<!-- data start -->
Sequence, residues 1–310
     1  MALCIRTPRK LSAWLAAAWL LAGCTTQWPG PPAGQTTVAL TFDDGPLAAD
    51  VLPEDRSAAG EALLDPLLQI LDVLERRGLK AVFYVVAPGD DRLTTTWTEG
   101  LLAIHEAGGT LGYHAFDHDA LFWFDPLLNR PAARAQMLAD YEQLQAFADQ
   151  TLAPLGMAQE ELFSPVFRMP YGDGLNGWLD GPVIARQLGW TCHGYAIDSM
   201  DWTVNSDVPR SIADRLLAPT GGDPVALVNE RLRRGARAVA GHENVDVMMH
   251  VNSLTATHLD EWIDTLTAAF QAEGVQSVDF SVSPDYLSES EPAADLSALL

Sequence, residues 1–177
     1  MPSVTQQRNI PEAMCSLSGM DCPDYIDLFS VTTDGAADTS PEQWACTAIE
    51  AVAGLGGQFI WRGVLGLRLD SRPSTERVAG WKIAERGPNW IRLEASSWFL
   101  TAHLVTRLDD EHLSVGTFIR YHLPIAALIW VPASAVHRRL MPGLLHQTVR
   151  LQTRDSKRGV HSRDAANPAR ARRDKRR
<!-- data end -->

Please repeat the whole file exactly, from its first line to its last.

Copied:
Sequence, residues 1–310
     1  MALCIRTPRK LSAWLAAAWL LAGCTTQWPG PPAGQTTVAL TFDDGPLAAD
    51  VLPEDRSAAG EALLDPLLQI LDVLERRGLK AVFYVVAPGD DRLTTTWTEG
   101  LLAIHEAGGT LGYHAFDHDA LFWFDPLLNR PAARAQMLAD YEQLQAFADQ
   151  TLAPLGMAQE ELFSPVFRMP YGDGLNGWLD GPVIARQLGW TCHGYAIDSM
   201  DWTVNSDVPR SIADRLLAPT GGDPVALVNE RLRRGARAVA GHENVDVMMH
   251  VNSLTATHLD EWIDTLTAAF QAEGVQSVDF SVSPDYLSES EPAADLSALL

Sequence, residues 1–177
     1  MPSVTQQRNI PEAMCSLSGM DCPDYIDLFS VTTDGAADTS PEQWACTAIE
    51  AVAGLGGQFI WRGVLGLRLD SRPSTERVAG WKIAERGPNW IRLEASSWFL
   101  TAHLVTRLDD EHLSVGTFIR YHLPIAALIW VPASAVHRRL MPGLLHQTVR
   151  LQTRDSKRGV HSRDAANPAR ARRDKRR